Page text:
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Lovely hotel , staff lovely and helpful , really enjoyed staying here and the breakfast help your self , very romantic place a must for couples , lots of lovely sites , would def stay here again if we came back to Venice , a...More
We had the opportunity to go to Venice on short notice. Because of the Bienniale architecture show all of the hotels we were familiar were booked. After trying a few apartments for rent we found this hotel on hotels.com and took a chance based on...More
Family of 5 traveling... Great staff and friendly atmosphere. 3 teenage girls upstairs in a room made for princesses... Adults downstairs room, a little cramped and below ground level. You enter hotel from water sidewalk. Confusing to find.. But that's true for all of Venice!...More
Although Venice is not very forgiving for individuals with limited mobility (lots of bridges with stairs up stairs down), this hotel has one of the best ground floor rooms I have seen. Everything is designed to accommodate individuals in wheelchairs, including switches to open and...More
My wife & i were booked into this hotel , by Aurora of e cruising Sydney Australia, from the 9th of October 2013, until the 12 th of October 2013. Aurora could not have given us . a better hotel , the position , is...More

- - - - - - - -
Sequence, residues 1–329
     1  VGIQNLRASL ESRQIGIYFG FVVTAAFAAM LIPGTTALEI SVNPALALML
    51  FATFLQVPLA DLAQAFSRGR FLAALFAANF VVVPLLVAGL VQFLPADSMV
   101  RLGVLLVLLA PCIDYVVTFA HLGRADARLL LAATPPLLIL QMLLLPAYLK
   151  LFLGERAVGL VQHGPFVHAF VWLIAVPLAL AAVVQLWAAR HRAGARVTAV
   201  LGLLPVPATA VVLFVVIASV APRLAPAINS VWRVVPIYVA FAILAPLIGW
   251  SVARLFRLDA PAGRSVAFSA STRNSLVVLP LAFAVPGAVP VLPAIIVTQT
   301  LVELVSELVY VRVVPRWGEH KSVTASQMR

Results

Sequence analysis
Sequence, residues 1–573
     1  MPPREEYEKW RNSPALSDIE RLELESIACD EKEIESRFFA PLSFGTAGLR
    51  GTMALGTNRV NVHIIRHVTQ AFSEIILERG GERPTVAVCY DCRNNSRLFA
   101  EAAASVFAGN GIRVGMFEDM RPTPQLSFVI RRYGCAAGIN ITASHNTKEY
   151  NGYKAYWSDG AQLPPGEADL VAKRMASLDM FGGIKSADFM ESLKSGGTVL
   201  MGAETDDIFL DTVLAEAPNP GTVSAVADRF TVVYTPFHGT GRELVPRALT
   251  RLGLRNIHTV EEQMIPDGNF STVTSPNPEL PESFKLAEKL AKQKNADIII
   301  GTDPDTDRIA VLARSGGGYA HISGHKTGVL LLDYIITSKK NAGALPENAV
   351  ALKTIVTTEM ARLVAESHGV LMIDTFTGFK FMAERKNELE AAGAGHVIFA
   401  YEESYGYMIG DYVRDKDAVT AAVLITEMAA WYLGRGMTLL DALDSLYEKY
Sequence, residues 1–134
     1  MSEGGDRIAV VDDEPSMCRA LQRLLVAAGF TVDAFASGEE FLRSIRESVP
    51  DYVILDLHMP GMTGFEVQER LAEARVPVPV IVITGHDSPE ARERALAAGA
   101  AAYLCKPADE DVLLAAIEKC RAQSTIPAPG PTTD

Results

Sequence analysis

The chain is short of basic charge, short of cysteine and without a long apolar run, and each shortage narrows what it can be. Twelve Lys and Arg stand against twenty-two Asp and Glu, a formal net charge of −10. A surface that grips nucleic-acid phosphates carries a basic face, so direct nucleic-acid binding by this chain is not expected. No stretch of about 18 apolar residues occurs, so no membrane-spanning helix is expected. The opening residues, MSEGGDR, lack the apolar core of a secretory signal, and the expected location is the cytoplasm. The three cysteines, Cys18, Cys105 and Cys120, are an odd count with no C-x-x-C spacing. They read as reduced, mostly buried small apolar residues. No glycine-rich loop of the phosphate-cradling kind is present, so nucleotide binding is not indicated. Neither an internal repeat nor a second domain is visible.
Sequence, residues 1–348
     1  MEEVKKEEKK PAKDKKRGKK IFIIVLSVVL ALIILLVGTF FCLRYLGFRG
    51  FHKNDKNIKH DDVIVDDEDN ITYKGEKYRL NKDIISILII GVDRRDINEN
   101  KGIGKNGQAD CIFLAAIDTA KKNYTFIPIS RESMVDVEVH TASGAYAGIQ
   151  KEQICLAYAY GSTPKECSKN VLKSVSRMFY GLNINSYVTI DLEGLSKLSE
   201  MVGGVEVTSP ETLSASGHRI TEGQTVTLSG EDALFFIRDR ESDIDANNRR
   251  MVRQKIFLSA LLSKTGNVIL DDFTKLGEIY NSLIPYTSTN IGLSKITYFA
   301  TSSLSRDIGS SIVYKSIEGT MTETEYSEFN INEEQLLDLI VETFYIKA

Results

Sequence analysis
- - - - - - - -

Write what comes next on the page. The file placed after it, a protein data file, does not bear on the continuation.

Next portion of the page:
Italy > Veneto > Province of Venice > City of Venice > Venice > Cannaregio
Cannaregio is the second largest sestiere (district) with its busy Santa Lucia train station. Many transplanted Venetians commute from the outlying areas, “terra firma” to the locals, which is shorthand for any place that is not Venice. Two Grand Canal bridges serve Cannaregio, the newest (Constitution, 2008) still a local hotbed of controversy. Ponte degli Scalzi is a busy link to the train station. Nearby
shops on the Lista di Spagna offer specialties like pastries and coffee that lure Venetians with a down-to-earth attitude. The Ghetto, where the Jewish population was segregated in Cannaregio, has five historic synagogues with an active Jewish community. The Fondamente Nove bustles with foot traffic to the Rialto and San Marco while vaporettos (water taxis) head to Murano and other islands. Side streets lead into quiet picturesque neighbourhoods and palaces like Ca' d'Oro rise directly out of the water.